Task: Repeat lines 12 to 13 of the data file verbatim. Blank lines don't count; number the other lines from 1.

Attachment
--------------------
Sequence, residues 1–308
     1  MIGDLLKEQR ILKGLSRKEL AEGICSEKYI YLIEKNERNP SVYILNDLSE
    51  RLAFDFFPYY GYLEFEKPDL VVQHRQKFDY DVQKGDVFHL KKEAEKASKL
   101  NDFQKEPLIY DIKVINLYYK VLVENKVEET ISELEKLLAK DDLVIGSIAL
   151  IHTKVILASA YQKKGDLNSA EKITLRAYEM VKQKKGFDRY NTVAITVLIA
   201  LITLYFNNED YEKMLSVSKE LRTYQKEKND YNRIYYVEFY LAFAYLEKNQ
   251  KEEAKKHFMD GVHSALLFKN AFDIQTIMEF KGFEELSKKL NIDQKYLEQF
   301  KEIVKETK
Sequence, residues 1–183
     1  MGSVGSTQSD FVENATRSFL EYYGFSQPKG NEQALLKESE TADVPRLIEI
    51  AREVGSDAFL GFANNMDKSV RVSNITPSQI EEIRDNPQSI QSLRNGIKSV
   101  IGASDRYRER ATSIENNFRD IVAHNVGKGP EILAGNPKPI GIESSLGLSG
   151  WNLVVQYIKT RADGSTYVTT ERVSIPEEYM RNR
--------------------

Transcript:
   101  IGASDRYRER ATSIENNFRD IVAHNVGKGP EILAGNPKPI GIESSLGLSG
   151  WNLVVQYIKT RADGSTYVTT ERVSIPEEYM RNR